Nightlife leaders on tackling global challenges

By Amelie Maurice-Jones

- Last updated on GMT

NTIA summit: A look at nightlife across the globe (Credit: Elspeth Moore)
NTIA summit: A look at nightlife across the globe (Credit: Elspeth Moore)

Related tags Night Time Industries Association

Nightlife industry leaders from across the globe discussed how to overcome obstacles and help the sector thrive at the Night Time Industries Association’s NTE Summit last week.

The panel, ‘Unlock opportunities after dark: Global challenges and innovative solutions in the night time economy’, took place on Thursday 8 February.

It was comprised of New York City’s former NTE adviser Ariel Palitz, New South Wales 24 hour commissioner Michael Rodrigues, director of the Japan NTE Association Tak Umezawa and president of Asberos Columbia Camillo Ospina Guzman.

The conversation was moderated by Amsterdam’s former nightlife mayor Mirik Milan.

Umezawa opened up about what’s going on in the Tokyo late night market: The lifestyle of the average worker has changed, he said, as people are going into offices less frequently.

This has had an impact on nightclubs and music venues, which are also suffering from a labour supply shortage. Cost increases are also an issue, and the profitability of venues may not be as good as it used to be, he added.

He said the younger population are active customers after “three years of doing nothing” in the pandemic. They are a “vibrant new market” largely driven by hip hop, he added.

Consumer habits

Tourism in Japan has rebounded to pre-Covid levels, he said, and so the late night sector can enjoy this added demand. However, redevelopment in Tokyo and Osaka has lead to the closure of some nightclubs.

More people are working from home in Sydney, said Rodrigues, but he saw this as a “big opportunity” for nightlife. He has seen a resurgence of the suburbs, with footfall and expenditure exceeding pre-Covid levels.

Paltiz said that the countries had a lot in common, making the point that “the global pandemic was global”. In New York, the industry is still healing, with challenges around workforce and consumers working from home.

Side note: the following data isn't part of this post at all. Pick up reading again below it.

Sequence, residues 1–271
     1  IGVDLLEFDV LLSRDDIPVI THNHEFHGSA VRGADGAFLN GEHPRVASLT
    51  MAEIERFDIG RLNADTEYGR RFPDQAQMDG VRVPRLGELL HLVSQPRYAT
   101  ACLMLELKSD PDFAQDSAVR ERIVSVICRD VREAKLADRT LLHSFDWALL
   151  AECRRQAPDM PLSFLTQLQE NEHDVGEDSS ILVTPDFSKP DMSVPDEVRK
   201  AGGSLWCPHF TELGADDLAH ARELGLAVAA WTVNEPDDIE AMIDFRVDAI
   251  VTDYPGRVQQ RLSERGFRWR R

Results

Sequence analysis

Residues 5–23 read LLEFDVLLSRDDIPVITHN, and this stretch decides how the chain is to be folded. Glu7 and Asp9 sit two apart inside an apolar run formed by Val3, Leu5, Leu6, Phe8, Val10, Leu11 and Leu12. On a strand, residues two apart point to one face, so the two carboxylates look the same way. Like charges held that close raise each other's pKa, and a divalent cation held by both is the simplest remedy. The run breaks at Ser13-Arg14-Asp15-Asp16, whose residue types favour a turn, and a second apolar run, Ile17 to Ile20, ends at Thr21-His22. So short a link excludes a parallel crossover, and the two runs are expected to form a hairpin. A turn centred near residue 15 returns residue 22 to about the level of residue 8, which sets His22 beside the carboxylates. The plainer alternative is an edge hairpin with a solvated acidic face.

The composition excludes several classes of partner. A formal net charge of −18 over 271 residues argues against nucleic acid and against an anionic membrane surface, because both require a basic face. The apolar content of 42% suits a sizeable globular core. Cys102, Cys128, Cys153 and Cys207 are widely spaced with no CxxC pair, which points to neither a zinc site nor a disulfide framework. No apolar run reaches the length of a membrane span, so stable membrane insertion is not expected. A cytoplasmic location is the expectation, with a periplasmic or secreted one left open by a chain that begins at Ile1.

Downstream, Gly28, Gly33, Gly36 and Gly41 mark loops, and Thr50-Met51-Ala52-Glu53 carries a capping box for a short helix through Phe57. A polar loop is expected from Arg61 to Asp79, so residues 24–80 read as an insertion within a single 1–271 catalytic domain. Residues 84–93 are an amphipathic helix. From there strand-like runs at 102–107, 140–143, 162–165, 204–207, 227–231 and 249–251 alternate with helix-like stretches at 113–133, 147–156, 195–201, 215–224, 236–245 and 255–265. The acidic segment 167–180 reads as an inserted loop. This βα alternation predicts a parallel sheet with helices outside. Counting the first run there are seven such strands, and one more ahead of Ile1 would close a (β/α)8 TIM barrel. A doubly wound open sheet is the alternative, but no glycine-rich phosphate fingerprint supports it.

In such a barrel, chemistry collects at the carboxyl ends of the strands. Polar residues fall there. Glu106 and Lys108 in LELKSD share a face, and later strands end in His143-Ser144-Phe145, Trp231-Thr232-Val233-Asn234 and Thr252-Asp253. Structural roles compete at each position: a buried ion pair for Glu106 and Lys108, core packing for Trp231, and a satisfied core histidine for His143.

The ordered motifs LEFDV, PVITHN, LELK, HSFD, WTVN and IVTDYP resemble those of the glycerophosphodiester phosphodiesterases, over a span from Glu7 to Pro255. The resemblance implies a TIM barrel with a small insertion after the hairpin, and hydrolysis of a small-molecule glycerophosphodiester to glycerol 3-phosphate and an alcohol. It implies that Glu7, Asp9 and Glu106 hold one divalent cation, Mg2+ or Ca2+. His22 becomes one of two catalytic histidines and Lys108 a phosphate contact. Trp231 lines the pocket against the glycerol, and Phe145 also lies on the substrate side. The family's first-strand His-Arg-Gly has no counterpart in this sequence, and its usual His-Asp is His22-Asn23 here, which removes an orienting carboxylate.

However, she said the desire to go out and socialise had increased, with people having more gratitude to be with each other. They had more interest in being entertained and having fun, she added.

“This is a very resilient industry,” said Palitz. “The need and desire is there.”

The conversation moved onto the use of technology to drive trade. There are more than 27,000 licensed establishments in five boroughs in New York, said Palitz. There is an app which maps out every storefront, shop, bar and club in the area, meaning customers can find out what’s going on behind every door in New York, she explained.

In Columbia, there’s also a website which lets consumers design their night, added Guzman.

Redevelopment projects

For Rodrigues, it’s important to improve the quality, accuracy and speed of information for guests, but he’s sceptical of anything that tries to solve the problem entirely.

Umezawa is focused on boosting the rural areas of Japan through creating reasons for consumers to stay over. He has been involved in more than 20 projects. Attracting more international tourists in Fuji, for instance, could help revive the streets.

So, he was working to help develop a menu and app for a group of bars and restaurants, as well as creating tourist-friendly signage and events for non-Japanese customers visiting the city.

Palitz touched on the situation of redevelopment. New York is surrounded by water, she said, and a lot of places by the water haven’t really been developed.

She is working on projects around the waterfront, all while thinking holistically about neighbourhoods, city planning, and how day flows into night.

For instance, one idea is an aquarium that turns into a lounge at night, which blend night and day into “life”.

Umezawa is also working on waterfront redevelopment in central Tokyo, with “entertainment, environment and community” key to the project.

In Sydney, rent and utilities are some of the largest costs for businesses. Real estate owners are mainly pension funds, explained Rodrigues, which causes problems in the late night sector as there is a big difference between retirement value and having fun dancing.

Related topics Rebuilding the Pub Sector

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